One of the basic processes used in the preparation of microporous films involves the admixture of a solvent solution of the film-forming material with a liquid, which is a non-solvent for the material and is miscible with the solvent, and forming the mixture into a film. This process is denoted the solvent-non-solvent process for forming microporous films. Many variations on the basic process are also known such as those shown in US. Pats. Nos. 1,421,341; 3,100,721; and 3,208,875. The solvent-nonsolvent process is apparently based on the theory that a polymeric material dissolved in a solvent and cast into a film coalesces to form a film by the entanglement of polymer chains. Due to the solvent action of the solvent still remaining in the film at the time of coalescence, the polymer chains still have some freedom of movement so that the number of entanglements may be increased to render the film continuous and non-porous. By contacting the film-forming material with a non-solvent material which is miscible with the solvent present in said material either prior to or subsequent to the formation of the material into a wet film, the solvent action of the solvent is substantially decreased so as to limit chain entanglements and to thus provide formation of a porous polymeric matrix.
According to the above-mentioned copending Bailey and McCune application, of which the instant application is a continuation-in-part, a microporous film of polymeric vinylidene fluoride is provided having a pore volume of at least about 50% and preferably at least 60% wherein a majority and preferably at least about of the pores have a pore diameter of from about 1.0 to about 2.0 microns and less than about 5% of the pores have a pore diameter greater than about 2.0 microns. This microporous film, it is disclosed, may be prepared by forming a solution of polymeric vinylidene fluoride in a solvent therefor, allowing the solution to age for time suflicient to effect formation of a film having the aforementioned uniform pore size distribution, forming the aged solution into such a film, contacting the film with a liquid which is a non-solvent for the polymeric vinylidene fluoride and is miscible with the solvent, removing the film and drying it. Preferably, the resultant microporous film is then baked, for a time sufficient to anneal it, at a temperature insufficient to fuse the polymeric vinylidene fluoride. According to the disclosure in the aforementioned Bailey and McCune application, the ultimate pore volume and pore size distribution may be controlled by the judicious selection of an appropriate aging period.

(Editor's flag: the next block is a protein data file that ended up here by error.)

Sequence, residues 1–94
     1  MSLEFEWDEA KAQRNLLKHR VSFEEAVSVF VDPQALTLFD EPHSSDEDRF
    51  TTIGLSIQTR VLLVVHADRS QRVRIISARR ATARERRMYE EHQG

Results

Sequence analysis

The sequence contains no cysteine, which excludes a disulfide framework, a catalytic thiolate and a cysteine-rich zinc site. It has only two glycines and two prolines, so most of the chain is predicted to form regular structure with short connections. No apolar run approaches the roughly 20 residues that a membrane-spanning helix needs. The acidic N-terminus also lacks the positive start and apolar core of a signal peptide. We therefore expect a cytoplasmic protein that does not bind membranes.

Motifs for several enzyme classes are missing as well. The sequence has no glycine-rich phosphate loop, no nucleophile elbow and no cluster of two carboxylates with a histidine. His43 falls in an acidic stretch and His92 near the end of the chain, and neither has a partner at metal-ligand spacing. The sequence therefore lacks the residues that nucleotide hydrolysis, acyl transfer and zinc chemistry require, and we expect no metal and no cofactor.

Subsequent to the filing of the above-denoted Bailey and McCune application, it was discovered that the effective mechanism for producing a given pore size distribution in a polyvinylidene fluoride membrane is probably vaguely, if at all, related to the period the polyvinylidene fluoride solution is aged prior to being formed into a membrane. It is now considered that the ultimate pore size distribution obtained in a given polyvinylidene fluoride membrane is a function of the maximum temperature applied to the polyvinylidene fluoride solution prior to formation of the film.
It is, accordingly, a primary purpose of the instant invention to provide a micropermeable membrane adapted to be used in a distillation process for water purification.
It is a further object of the present invention to provide a technique for the production of uniform membranes described in the paragraph next above.
It is another object of the present invention to control membrane pore size distribution of a polyvinylidene fluoride membrane by controlling the maximum temperature to which the polyvinylidene fluoride solution is subjected prior to casting said solution into a film.
Other objects of the invention will in part be obvious and will in part appear hereinafter.
The invention accordingly comprises the several steps and the relation and order of one or more of such steps with respect to each of the others, and the product possessing the features, properties and the relation of elements which are exemplified in the following detailed disclosure, and the scope of the application of which will be indicated in the claims.
For a fuller understanding of the nature and objects of the invention, reference should be had to the following detailed description taken in connection with the accompanying drawings.
FIG. 1 is a flow diagram of the process of the present invention;
FIG. 2 is a composite graphical illustration of pore diameter distribution achieved in polyvinylidene fluoride membranes formed by solvent-non-solvent processes which differ, one from the other, only in the respective maximum temperatures to which the polyvinylidene fluoride solutions were subjected prior to casting the films the solutions used to form the membrane of curve A having been subjected to 53 C., and curve B, 34 C., respectively.
FIG. 3 is a graphical illustration of the pore size distribution of a polyvinylidene fluoride membrane formed from a solution subjected to a maximum temperature of 20 C. prior to casting; and
FIG. 4 is a comparative graphical illustration of the pore size distribution of a membrane prepared according to the present invention and a commercially available membrane.